Burning and grazing cool-season grasslands to promote native grass recruitment for agronomic, ecological, and social benefits

Project Overview

Project Type: Graduate Student
Funds awarded in 2007: $9,972.00
Projected End Date: 12/31/2008
Grant Recipient: University of Wisconsin-Madison
Region: North Central
State: Wisconsin
Graduate Student:
Faculty Advisor:
Randall Jackson
University of Wisconsin-Madison

Annual Reports


  • Agronomic: general hay and forage crops, grass (misc. perennial), hay


  • Animal Production: feed/forage, grazing management, grazing - rotational
  • Natural Resources/Environment: biodiversity
  • Production Systems: holistic management

    Proposal abstract:

    I am testing combinations of burning and grazing to blend native plant conservation and livestock production by promoting and maintaining C3 and C4 grass coexistence. Information from this project will help farmers and environmentalists work toward a common goal of contributing to the restoration of native plant communities, while maintaining a productive agricultural landscape. This farmer-initiated research project is labor intensive, so field assistance to achieve my goals is necessary. The NCR-SARE grant will support an undergraduate assistant and provide a farmer honorarium. With the assistance of an undergraduate student and collaboration with the farmer, I will monitor the persistence of C4 native grasses that were sown into a C3 dominated pasture under burning, grazing, and burning x grazing treatments. By measuring forage and root production, I will assess the agronomic and ecological effects of this coexistence. Improving our understanding of coexistence and how to manage for it should lead to greater adoption of conservation practices, which has positive social implications when considering how society at-large views the farmer. Products of this experiment will include a MS degree in a multidisciplinary program, extension outreach fact sheets and brochures, peer-reviewed publications, presentations at field-days and conferences, and involvement and interaction between the farming and conservation/research communities.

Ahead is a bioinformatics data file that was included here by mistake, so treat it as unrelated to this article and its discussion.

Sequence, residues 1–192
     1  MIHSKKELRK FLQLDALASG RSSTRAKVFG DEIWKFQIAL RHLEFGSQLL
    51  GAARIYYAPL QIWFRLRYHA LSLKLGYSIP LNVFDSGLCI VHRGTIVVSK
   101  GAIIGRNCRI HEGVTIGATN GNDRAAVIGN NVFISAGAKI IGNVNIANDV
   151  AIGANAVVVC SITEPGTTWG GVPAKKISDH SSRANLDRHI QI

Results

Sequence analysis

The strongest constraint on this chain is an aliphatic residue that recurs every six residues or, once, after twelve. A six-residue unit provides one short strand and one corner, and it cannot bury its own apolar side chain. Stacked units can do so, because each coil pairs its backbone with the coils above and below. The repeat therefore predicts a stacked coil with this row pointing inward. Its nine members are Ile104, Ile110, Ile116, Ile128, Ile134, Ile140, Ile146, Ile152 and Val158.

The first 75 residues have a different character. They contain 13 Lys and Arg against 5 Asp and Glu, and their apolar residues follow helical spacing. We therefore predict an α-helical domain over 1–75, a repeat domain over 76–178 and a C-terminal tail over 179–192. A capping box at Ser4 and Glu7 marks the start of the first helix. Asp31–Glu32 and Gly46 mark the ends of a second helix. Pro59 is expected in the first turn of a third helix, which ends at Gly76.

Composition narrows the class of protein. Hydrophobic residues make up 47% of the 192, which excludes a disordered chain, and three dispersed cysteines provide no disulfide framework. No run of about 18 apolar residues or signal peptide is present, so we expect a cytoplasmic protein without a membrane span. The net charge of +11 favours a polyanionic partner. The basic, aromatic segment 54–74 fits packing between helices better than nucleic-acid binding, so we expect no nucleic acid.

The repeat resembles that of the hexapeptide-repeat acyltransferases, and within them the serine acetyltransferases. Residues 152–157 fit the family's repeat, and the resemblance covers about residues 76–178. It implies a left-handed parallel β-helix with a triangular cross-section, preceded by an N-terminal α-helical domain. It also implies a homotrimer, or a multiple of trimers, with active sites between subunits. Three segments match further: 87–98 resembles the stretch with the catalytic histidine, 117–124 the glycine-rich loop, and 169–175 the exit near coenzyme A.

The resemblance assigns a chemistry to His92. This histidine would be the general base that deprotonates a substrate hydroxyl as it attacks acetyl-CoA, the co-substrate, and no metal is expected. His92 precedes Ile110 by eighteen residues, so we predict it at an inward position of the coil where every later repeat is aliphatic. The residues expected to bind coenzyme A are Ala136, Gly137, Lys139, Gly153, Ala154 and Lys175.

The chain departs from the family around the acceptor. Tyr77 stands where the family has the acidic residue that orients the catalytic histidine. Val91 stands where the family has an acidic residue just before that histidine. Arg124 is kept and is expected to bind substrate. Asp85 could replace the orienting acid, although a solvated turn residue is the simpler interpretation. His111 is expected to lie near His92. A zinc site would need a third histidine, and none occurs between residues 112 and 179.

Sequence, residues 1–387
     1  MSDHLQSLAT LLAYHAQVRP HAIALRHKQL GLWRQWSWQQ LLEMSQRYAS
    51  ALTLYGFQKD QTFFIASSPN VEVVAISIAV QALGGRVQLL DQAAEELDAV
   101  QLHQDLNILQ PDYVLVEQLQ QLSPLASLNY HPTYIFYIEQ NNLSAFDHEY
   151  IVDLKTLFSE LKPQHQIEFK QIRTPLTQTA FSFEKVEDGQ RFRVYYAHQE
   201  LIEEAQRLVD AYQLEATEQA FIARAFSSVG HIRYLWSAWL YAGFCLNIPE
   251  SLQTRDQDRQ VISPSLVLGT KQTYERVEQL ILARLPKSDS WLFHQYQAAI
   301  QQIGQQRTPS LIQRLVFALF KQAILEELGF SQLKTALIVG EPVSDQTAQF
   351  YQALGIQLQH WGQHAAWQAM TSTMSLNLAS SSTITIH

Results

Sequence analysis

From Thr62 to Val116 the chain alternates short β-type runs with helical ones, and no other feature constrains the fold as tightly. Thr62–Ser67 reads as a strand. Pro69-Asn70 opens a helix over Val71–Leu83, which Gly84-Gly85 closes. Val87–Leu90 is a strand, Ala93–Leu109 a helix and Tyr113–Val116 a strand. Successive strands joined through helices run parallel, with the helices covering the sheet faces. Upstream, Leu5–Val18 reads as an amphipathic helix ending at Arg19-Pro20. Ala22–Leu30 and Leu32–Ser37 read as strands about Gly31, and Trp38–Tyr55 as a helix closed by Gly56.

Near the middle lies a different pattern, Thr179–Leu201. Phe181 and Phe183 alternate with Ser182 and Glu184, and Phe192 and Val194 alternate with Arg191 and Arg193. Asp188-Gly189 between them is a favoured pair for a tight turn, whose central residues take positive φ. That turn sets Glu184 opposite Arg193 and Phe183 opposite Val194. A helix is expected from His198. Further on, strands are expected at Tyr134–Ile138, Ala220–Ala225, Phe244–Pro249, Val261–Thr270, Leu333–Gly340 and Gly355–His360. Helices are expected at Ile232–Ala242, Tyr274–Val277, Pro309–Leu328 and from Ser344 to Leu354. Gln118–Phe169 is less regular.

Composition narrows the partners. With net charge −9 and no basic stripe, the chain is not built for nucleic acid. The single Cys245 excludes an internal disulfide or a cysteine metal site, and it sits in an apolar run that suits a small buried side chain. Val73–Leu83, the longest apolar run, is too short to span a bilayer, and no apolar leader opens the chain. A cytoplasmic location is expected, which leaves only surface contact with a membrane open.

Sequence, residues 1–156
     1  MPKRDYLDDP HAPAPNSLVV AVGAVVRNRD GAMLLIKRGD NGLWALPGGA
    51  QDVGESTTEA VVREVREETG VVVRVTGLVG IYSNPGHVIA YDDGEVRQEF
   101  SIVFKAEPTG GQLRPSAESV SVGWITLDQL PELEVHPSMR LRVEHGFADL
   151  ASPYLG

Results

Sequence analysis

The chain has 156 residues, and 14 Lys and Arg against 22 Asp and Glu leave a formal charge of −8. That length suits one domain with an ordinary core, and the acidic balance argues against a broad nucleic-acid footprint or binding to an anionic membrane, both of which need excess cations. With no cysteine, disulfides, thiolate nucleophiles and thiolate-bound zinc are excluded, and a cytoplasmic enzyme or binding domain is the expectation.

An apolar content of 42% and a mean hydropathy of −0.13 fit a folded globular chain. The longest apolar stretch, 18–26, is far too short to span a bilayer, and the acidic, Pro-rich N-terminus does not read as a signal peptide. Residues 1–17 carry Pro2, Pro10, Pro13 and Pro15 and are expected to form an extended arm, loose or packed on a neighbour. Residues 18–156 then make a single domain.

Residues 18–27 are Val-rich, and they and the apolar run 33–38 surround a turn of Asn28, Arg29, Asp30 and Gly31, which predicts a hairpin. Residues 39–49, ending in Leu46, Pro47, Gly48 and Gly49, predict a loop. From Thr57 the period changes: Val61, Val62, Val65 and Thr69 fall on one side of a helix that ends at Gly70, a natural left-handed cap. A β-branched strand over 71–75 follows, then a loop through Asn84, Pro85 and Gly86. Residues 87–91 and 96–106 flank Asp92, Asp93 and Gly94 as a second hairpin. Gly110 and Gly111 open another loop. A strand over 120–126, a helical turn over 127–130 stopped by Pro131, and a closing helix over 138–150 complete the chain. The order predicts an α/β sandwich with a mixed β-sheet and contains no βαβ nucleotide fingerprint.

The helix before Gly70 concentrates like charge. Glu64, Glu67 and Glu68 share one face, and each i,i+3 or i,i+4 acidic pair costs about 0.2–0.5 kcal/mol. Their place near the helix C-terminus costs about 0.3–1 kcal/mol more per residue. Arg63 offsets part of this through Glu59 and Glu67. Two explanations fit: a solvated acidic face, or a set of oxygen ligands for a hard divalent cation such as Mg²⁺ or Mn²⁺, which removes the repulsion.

Project objectives from proposal:

    Results from this experiment will help determine whether burning and grazing can be combined for improved forage and root production (agronomic and ecological benefits). In addition, these practices will highlight farmers as land stewards, which promotes rural prosperity (social benefit).

    The expected short-term outcomes of this project are:
    1.Management techniques to promote the re-introduction and recruitment of warm season, native grasses into cool season, non-native grass pastures under grazing and burning practices.

    2.Quantification of root production and forage production under grazing, burning, and a combination of grazing and burning.

    The intermediate-term outcomes are:
    1.Increase farm participation in the conservation effort by promoting the re-establishment of native plant species.

    2.Burning for agricultural benefit should promote sustainable farming.

    The long-term outcomes of this project will help many stakeholders (researchers, farmers, policy makers, general public, conservationists) envision the integration of conservation efforts with farm management. This model should encourage adoption of new techniques and practices that improve production while enhancing the environment. These outcomes strongly fit the mission of NCR-SARE, which strengthens farmer profitability while improving the environment by supporting sustainable research.

    Any opinions, findings, conclusions, or recommendations expressed in this publication are those of the author(s) and do not necessarily reflect the view of the U.S. Department of Agriculture or SARE.